At a recent meeting of my community, the developer's representative announced the turnover of the community to residents. It took an attorney and two CPA's more than an hour of explaining for the residents to understand their complicated financial relationship with the developer.
While the homes were being constructed, the developer kicked in funds to maintain the area until enough homes were built for resident maintenance fees to fully fund the budget.
Any current year that there is a budget surplus, the developer uses it to pay itself back any surplus of their funding for maintaining the community when there were only a few homes and not enough resident fees.
The developer sets the resident fee amount, and they can create a budget surplus which they can later give to themselves. Residents are aware that repeated fee hikes have contributed to surpluses which the developer has claimed.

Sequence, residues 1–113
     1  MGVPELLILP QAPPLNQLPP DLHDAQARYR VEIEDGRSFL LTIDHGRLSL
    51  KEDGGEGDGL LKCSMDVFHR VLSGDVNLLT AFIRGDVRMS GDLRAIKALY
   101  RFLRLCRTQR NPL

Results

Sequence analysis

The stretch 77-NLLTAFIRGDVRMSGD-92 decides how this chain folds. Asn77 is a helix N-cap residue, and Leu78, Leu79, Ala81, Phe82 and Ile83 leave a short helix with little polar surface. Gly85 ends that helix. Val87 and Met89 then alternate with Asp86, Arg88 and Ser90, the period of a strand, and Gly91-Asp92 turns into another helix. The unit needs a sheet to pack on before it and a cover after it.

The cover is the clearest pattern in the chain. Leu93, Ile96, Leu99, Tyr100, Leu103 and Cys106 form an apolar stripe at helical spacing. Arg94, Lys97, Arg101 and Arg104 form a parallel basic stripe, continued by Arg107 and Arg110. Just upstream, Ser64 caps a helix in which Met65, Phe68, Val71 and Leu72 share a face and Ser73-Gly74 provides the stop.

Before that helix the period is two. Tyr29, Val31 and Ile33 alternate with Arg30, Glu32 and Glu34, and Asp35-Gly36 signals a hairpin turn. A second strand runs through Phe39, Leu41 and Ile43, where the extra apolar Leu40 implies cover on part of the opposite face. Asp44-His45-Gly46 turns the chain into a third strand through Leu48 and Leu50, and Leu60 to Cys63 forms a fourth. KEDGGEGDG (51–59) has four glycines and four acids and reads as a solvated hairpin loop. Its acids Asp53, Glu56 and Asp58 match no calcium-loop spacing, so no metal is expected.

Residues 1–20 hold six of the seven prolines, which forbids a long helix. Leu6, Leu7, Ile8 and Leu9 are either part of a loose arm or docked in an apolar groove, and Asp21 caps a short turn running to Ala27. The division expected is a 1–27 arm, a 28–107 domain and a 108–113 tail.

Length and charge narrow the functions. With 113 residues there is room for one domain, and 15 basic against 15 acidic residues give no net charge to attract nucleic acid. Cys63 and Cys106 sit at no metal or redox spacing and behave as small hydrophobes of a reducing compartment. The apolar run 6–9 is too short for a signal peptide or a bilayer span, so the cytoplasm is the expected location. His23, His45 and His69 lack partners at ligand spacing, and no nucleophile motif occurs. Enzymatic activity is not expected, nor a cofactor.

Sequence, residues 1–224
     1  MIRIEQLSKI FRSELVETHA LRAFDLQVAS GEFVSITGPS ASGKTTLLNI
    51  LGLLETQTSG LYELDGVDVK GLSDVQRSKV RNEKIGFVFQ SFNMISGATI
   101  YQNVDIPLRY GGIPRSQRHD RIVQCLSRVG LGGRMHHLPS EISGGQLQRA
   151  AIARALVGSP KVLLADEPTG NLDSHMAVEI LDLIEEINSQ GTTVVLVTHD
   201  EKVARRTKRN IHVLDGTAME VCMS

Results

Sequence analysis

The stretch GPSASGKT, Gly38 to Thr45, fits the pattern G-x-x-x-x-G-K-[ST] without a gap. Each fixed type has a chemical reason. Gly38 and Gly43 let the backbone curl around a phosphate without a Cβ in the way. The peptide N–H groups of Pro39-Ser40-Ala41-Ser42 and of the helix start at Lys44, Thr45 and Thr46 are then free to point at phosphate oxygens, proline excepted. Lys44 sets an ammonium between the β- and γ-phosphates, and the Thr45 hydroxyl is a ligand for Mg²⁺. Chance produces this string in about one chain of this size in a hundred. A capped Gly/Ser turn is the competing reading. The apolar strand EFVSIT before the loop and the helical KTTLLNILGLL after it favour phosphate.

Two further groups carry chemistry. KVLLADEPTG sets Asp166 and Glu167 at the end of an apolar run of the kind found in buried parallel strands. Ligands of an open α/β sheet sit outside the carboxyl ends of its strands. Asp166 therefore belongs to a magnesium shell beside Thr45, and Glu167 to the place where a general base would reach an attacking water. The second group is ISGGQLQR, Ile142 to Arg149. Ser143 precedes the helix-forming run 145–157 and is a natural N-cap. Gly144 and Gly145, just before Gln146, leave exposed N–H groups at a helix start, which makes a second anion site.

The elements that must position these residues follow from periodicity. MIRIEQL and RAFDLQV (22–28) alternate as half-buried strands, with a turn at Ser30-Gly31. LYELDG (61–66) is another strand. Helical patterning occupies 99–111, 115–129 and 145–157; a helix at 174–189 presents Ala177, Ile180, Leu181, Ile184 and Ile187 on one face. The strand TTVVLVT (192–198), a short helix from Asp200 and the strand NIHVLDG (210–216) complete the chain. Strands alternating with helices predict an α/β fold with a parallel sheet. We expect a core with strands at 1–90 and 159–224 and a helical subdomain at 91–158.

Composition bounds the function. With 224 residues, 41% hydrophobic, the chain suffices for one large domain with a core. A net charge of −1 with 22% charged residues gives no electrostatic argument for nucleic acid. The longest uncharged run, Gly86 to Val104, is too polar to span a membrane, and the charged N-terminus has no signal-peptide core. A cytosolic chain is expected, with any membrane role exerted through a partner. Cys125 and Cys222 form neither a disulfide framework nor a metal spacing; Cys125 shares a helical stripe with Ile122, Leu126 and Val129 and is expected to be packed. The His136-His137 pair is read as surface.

The longer the developer stays, the more opportunities there are to employ this strategy. The accounting documents call it "due to developer." The attorney explained that under Florida law this is legal.
Many buyers hadn't thoroughly read the 200-300 pages of documents when they bought a home. The "due to developer" concept is contained there in so many words.
Residents who realized the turnover is five years late, according to Florida statutes, Chapter 720, knew there were five additional years of developer control of resident activities and budget surpluses. They hired an attorney, specializing in HOA law, who wrote the developer, citing the failure to comply with the law. Several weeks later at this meeting, the developer's representative made the turnover announcement.
I hope we take advantage of the expertise of all interested parties in the community, and work together to achieve the most beneficial, albeit long overdue, legally required transition.